Human Capital, Employment Protection and Growth in Europe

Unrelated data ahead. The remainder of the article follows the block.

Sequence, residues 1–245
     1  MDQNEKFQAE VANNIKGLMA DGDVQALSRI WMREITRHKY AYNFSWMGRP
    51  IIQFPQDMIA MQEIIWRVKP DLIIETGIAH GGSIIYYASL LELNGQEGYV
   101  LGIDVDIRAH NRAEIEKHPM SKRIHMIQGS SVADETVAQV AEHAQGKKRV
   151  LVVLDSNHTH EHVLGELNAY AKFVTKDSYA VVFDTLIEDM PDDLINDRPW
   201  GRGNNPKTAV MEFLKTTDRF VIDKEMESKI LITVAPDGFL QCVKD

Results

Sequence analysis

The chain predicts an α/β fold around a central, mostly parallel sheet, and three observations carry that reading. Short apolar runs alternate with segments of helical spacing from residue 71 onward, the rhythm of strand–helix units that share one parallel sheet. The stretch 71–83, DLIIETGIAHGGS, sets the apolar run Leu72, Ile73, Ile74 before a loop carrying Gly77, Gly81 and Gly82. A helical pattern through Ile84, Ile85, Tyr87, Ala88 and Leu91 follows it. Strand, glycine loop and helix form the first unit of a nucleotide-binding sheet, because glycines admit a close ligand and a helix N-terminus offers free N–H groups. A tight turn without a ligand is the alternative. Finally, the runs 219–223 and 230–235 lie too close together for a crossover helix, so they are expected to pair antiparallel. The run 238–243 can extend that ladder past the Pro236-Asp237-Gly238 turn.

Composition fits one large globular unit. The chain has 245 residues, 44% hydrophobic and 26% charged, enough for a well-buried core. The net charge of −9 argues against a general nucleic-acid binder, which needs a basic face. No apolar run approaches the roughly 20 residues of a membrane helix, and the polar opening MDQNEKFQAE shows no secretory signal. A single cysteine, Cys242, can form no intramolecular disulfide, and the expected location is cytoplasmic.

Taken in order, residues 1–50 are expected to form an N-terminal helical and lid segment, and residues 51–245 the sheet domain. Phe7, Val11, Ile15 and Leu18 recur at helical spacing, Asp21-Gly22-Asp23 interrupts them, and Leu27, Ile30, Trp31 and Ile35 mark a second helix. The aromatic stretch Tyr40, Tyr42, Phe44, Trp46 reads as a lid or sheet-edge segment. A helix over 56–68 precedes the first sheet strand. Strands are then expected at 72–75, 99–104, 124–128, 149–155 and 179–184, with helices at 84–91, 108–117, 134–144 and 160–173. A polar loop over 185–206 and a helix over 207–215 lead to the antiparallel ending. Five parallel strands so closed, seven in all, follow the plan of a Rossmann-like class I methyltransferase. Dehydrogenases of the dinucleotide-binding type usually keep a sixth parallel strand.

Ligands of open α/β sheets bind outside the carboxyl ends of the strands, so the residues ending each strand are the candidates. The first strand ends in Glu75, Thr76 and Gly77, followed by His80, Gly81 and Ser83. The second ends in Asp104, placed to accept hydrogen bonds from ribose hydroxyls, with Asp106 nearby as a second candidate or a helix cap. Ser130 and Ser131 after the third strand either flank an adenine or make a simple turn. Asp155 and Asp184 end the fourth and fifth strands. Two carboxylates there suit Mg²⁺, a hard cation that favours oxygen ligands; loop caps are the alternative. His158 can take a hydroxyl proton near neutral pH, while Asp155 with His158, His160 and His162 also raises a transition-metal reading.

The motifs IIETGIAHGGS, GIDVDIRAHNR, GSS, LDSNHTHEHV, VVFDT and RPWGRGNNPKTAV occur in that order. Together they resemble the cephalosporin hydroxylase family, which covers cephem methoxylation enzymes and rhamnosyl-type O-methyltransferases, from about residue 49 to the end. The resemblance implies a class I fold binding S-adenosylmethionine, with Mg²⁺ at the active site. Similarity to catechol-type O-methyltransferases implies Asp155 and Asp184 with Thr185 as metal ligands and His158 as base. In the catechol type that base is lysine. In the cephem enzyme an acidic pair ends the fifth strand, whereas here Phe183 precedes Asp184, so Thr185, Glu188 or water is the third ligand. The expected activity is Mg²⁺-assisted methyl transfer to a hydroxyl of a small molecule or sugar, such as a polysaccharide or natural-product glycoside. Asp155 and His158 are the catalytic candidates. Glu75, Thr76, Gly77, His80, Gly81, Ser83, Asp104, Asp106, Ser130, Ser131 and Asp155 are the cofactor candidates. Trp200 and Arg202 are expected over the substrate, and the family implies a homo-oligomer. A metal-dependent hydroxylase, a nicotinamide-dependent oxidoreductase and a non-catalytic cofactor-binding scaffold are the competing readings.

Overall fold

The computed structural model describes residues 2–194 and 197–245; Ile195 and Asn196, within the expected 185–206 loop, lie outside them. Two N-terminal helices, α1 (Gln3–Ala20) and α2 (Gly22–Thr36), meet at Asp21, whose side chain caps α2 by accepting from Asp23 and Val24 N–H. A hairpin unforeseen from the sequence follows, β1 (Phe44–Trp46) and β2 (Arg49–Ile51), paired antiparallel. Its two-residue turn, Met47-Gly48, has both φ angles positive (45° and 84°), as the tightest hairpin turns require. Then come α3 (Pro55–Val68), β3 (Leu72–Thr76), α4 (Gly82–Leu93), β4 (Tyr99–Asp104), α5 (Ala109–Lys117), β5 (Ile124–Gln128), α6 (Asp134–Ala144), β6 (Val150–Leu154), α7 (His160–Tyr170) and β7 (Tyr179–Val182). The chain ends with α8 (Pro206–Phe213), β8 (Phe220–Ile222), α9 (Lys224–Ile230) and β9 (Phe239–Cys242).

Using data for 51 manufacturing and service sector for the period 1970-2005 in 14 countries, this paper show that employment protection legislation has a negative and significant effect on growth of value added and hours of work in more human capital intensive sectors. We argue that labour market regulation has a negative impact on the technology adoption mechanism through its heterogeneous impact on firms workforce adjustment requirements. In fact, technology adoption depends both on the skill level of the workforce and the capacity of firms to optimally adjust their employment levels as technology changes. As a consequence, firing costs have a relatively stronger impact in sectors in which technology adoption is more important. Our empirical results are robust to various sensitivity checks such as interactions of human capital intensity with other country level variables, of employment protection with other sector level variables and endogeneity of firing restrictions. We also show that the negative effect of EPL is stronger the smaller the distance from the technology frontier and after the 1990s.
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